On A Bull Run, Crude Oil Faces Uphill Battle With Iran
The oil markets enjoyed a flurry of activity on Monday, continuing their week-long gains. While economies recover from COVID-19, supply restraints from major producers collide with growing fuel demand.
In the past week, Brent oil futures gained almost 4%, in the past week but rose 1.34% this week to trade above $84 a barrel, . The WTI futures price made its highest closing price since late 2014 at $81 a barrel, a jump of 1.93%. The global benchmarks were both over $80 a barrel.
In exchange for goods or capital investment in Iran’s sanctions-hit energy sector, Iran said over the weekend that it will offer oil and gas condensate to “any buyer.”
Natural gas and crude oil are abundant in Iran. As of last year, Iran’s oil reserves accounted for 25% of Middle Eastern oil reserves and 12% of global oil reserves
On state television, Javad Owji said the ministry is open to receiving investments, either foreign or domestic, in exchange for oil or condensate. He said lawmakers were presented with the plans on Sunday and were waiting for their approval.
Those developments come despite stalling talks to get an international deal on Iran’s nuclear program, which would allow it to start exporting oil again, suggesting the bulls may be tamed from reaching $100 a barrel at least for the time being.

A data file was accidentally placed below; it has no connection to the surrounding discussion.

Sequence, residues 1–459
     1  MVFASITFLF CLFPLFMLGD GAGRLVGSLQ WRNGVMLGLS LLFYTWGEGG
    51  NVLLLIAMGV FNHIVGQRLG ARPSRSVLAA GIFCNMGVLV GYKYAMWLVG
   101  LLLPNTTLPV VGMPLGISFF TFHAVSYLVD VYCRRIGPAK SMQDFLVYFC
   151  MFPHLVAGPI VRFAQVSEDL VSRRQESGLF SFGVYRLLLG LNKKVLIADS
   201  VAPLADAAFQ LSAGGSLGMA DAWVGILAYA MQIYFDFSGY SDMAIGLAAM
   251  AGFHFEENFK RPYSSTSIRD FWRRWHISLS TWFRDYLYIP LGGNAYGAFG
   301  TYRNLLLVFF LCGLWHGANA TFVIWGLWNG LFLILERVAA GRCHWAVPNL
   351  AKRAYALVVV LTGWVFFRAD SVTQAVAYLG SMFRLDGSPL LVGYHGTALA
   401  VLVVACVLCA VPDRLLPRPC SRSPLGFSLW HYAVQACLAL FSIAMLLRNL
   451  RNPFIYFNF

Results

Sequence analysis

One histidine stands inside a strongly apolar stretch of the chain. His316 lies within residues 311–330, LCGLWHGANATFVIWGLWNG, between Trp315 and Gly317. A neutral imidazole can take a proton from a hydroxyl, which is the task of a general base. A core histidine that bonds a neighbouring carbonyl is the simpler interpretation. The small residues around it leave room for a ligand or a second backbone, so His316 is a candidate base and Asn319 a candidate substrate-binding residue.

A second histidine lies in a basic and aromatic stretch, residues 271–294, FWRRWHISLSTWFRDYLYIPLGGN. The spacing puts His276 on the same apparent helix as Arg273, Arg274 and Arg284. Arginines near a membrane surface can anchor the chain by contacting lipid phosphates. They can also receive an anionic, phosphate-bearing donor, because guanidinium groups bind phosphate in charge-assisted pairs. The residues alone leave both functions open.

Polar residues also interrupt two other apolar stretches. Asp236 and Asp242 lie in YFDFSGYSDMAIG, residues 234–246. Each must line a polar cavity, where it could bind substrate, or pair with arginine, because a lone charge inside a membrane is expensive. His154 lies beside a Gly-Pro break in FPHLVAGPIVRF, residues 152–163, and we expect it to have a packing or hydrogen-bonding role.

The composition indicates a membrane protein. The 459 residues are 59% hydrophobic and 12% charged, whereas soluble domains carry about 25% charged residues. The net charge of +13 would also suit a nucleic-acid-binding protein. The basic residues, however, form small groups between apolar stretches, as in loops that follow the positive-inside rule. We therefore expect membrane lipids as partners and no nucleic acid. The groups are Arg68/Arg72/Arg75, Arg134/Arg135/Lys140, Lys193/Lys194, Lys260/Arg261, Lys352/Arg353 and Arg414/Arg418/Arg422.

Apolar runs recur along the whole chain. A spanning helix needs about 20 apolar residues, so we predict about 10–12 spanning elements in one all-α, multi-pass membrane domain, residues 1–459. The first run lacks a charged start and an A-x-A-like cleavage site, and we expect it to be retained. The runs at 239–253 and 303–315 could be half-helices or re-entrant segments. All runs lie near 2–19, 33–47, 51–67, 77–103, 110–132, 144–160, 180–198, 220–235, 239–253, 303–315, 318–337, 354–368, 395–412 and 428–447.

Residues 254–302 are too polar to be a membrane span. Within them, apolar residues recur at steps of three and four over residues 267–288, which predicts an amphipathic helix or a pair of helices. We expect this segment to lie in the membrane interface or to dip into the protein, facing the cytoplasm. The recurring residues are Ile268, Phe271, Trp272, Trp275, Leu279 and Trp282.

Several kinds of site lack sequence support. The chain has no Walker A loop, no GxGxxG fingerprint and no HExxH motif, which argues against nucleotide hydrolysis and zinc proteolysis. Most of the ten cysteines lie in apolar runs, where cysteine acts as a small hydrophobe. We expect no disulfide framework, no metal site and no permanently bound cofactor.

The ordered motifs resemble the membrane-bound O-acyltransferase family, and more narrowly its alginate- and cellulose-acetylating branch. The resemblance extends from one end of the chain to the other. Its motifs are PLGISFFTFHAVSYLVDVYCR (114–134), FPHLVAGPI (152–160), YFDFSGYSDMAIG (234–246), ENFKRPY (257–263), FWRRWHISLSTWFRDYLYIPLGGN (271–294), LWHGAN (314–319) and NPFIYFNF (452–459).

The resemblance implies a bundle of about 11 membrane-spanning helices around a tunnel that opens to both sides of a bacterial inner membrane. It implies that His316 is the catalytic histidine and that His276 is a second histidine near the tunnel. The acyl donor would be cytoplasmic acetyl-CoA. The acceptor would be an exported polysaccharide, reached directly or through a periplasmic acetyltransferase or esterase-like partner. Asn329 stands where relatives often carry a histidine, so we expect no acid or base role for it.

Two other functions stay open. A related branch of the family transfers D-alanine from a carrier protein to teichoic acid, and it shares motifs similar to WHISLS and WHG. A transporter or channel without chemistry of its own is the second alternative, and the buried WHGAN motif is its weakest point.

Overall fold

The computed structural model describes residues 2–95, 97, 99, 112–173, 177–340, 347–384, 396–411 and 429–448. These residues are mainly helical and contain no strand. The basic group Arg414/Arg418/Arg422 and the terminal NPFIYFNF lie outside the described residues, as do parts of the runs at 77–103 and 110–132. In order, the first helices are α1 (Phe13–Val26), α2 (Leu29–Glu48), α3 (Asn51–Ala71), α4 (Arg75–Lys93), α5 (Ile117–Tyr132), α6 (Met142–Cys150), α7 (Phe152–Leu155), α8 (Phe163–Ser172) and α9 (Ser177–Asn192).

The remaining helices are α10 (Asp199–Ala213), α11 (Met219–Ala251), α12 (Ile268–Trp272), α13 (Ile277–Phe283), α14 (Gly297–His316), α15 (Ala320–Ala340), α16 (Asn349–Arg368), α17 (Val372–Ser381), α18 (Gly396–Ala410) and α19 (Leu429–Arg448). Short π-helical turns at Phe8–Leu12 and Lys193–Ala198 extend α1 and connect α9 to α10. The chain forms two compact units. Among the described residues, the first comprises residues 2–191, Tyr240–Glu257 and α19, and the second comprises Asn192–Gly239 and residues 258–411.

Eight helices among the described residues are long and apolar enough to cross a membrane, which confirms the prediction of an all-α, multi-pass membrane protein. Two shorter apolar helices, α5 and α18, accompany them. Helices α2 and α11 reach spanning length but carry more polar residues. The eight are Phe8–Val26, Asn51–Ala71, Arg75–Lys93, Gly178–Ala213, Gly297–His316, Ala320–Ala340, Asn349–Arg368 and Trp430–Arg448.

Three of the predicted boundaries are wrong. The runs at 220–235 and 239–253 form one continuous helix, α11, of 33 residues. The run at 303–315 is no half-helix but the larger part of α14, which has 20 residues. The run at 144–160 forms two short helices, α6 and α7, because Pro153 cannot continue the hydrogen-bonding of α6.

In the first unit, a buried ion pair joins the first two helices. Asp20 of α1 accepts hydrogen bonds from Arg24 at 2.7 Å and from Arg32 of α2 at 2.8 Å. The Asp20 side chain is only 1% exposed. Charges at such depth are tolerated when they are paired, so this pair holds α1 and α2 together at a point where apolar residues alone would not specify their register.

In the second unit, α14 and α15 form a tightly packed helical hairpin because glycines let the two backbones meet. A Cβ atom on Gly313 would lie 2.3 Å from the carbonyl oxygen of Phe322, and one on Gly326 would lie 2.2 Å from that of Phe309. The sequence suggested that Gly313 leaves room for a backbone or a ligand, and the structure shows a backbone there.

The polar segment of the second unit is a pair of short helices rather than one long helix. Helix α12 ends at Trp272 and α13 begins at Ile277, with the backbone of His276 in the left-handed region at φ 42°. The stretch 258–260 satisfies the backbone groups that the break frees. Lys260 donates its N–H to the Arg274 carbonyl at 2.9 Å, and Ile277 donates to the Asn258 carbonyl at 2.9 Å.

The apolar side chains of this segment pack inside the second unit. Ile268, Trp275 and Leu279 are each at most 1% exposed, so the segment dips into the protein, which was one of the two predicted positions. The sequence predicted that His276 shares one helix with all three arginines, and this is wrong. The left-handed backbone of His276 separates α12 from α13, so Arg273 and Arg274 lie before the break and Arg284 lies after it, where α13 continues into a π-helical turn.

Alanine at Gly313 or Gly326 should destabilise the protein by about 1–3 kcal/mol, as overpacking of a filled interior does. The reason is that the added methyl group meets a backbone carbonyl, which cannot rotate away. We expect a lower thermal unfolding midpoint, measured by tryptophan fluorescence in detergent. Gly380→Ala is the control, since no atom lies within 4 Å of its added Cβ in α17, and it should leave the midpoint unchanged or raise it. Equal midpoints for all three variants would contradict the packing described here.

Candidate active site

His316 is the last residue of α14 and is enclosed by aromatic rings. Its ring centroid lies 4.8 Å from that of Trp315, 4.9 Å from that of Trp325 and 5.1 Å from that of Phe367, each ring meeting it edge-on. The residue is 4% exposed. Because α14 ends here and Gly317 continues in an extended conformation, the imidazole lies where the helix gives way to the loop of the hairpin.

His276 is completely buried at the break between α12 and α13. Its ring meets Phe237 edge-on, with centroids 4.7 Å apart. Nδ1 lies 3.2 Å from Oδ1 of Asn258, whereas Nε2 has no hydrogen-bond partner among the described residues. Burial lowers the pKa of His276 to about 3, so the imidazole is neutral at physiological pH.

Despite expectations for stronger demand, as supply is limited, crude prices are likely to float as demand remains limited and a seven-week rally in oil’s price is expected.
During Europe and Asia’s cold weather, coal and natural gas prices are soaring as stockpiles run low, prompting a switch to oil-based products like diesel and kerosene.
The increase in fuel demand has driven prices higher as more people come out of lockdown, including Sydney, Australia, which emerged from a 107-day lockdown. WTI futures have gained seven consecutive weeks, while Brent futures have gained five.
On the meeting of OPEC+ last week, it was decided that production would continue to increase steadily and gradually.